No stars from the Cosmos

http://uk.youtube.com/watch?v=QB94E-osQQw

Painting by Soviet Spacewalker Alexei Leonov of the daylight side of the Earth while in orbit with a clear view of 'stars'.

From his book- "Two Sides Of The Moon"

thThevgDSCF0093.jpg

p105 "What I saw as the hatch opened took my breath away. Night was turning to day. The small portion of the Earth's surface I could see as I leant back was deep blue. The sky beyond the curving horizon was dark, illuminated with bright stars as I looked due south towards the South Pole. I cranked my neck back until it hurt. I wanted to see more. Moving at 18,000mph, the scene below me rapidly began to change. Very soon the outline of the African continent came into view."

From Phil Plaits BadAstronomy Moon Hoax Section- NO STARS IN **PICTURES**

" Bad: The first bit of actual evidence brought up is the lack of stars in the pictures taken by the Apollo astronauts from the surface of the Moon. Without air, the sky is black, so where are the stars?

Good: The stars are there! They're just too faint to be seen.

This is usually the first thing HBs talk about when discussing the Hoax. That amazes me, as it's the silliest assertion they make. However, it appeals to our common sense: when the sky is black here on Earth, we see stars. Therefore we should see them from the Moon as well.

I'll say this here now, and return to it many times: the Moon is not the Earth. Conditions there are weird, and our common sense is likely to fail us.

The Moon's surface is airless. On Earth, our thick atmosphere scatters sunlight, spreading it out over the whole sky. That's why the sky is bright during the day. Without sunlight, the air is dark at night, allowing us to see stars.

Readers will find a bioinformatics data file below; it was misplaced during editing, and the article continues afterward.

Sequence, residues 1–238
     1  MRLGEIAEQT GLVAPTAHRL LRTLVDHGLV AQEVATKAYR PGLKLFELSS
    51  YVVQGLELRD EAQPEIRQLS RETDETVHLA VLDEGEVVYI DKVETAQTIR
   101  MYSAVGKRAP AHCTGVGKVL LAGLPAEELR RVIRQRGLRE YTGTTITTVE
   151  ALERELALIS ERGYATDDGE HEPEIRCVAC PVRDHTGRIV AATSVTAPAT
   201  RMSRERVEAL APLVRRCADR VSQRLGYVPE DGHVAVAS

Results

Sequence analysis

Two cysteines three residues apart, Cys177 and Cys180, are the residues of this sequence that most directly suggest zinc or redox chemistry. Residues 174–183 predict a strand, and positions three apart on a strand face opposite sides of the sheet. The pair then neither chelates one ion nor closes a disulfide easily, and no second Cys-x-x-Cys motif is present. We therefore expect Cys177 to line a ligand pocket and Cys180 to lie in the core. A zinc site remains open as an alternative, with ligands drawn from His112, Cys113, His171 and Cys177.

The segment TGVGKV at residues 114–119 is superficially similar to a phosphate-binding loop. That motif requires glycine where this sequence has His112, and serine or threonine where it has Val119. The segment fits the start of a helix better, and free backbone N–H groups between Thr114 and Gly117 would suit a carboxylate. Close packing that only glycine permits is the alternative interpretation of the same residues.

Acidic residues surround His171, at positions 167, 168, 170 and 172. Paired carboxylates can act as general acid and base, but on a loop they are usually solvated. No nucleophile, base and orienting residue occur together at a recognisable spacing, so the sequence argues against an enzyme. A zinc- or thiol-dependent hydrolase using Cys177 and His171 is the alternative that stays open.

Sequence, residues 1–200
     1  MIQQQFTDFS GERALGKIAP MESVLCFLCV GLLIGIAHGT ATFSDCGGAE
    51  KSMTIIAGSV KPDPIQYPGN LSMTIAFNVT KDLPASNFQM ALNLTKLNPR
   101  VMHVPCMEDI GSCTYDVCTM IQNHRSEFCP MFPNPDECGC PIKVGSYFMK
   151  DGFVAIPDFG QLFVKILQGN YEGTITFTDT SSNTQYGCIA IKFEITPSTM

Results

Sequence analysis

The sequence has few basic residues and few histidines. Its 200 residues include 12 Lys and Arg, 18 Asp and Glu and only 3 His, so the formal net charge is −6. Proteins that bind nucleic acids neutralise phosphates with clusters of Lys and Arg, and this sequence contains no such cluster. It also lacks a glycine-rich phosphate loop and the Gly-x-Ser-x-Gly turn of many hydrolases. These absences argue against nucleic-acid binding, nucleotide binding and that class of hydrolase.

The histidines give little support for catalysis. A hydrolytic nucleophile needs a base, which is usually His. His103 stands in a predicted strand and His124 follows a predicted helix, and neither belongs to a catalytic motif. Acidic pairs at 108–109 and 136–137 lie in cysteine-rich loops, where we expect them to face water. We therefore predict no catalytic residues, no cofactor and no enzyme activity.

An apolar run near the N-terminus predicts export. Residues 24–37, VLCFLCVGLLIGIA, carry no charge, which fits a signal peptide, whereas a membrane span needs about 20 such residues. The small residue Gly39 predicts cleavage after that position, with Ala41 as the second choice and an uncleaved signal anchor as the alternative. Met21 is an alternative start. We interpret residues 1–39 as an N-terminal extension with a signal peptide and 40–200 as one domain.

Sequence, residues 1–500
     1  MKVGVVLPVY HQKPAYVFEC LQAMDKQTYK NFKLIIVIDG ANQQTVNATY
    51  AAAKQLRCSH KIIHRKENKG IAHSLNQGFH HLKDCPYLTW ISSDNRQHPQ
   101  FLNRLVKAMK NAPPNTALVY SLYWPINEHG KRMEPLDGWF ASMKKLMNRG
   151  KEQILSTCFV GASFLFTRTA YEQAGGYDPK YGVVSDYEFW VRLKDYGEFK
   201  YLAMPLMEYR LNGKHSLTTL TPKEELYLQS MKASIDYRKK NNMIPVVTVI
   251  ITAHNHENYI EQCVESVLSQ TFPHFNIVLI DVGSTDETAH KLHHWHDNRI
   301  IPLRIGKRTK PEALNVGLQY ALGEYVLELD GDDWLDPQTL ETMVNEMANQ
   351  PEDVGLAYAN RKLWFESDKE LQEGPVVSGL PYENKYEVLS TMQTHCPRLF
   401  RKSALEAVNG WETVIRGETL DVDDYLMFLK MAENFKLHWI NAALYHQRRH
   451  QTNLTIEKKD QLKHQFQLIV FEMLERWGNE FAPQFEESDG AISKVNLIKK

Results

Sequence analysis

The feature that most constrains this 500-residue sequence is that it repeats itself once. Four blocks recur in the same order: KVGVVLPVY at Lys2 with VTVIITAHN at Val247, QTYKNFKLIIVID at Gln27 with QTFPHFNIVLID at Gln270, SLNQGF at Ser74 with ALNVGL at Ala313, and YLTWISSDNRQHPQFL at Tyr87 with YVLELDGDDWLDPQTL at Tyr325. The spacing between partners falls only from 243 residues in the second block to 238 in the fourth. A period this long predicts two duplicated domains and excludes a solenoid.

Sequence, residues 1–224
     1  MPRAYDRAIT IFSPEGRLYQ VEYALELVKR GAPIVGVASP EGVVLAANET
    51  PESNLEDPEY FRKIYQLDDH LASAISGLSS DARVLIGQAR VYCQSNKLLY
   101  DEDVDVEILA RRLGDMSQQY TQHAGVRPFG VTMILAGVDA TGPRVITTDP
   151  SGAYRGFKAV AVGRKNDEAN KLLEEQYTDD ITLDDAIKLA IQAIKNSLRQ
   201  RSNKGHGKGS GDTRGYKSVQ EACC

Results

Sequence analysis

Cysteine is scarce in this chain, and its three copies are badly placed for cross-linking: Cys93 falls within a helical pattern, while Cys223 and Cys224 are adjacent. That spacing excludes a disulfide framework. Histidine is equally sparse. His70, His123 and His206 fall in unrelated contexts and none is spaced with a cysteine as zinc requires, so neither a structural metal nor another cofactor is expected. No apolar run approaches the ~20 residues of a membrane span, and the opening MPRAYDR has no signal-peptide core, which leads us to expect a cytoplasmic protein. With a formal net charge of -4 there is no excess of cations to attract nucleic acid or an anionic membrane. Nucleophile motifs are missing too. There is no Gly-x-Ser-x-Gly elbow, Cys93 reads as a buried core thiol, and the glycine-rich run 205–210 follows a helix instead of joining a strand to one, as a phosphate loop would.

On the Moon, the lack of air means that the sky is dark. Even when the Sun is high off the horizon during full day, the sky near it will be black. ***If you were standing on the Moon, you would indeed see stars, even during the day.***

So why aren't they in the Apollo pictures? Pretend for a moment you are an astronaut on the surface of the Moon. You want to take a picture of your fellow space traveler. The Sun is low off the horizon, since all the lunar landings were done at local morning. How do you set your camera? The lunar landscape is brightly lit by the Sun, of course, and your friend is wearing a white spacesuit also brilliantly lit by the Sun. To take a picture of a bright object with a bright background, you need to set the exposure time to be fast, and close down the aperture setting too; that's like the pupil in your eye constricting to let less light in when you walk outside on a sunny day.

So the picture you take is set for bright objects. Stars are faint objects! In the fast exposure, they simply do not have time to register on the film. It has nothing to do with the sky being black or the lack of air, it's just a matter of exposure time. If you were to go outside here on Earth on the darkest night imaginable and **take a picture with the exact same camera settings the astronauts used, you won't see any stars!**"

Looking up at stars from a brightly lit sports stadium/under a streetlamp/city is NOT applicable because the air/atmosphere is also being illuminated. Not applicable explainations to compare with the atmosphereless vacuum of the Moon!

SOME stars would have shown up in the tv camera footage with no atmosphere to scatter sunlight reflecting on the equivalent of asphalt.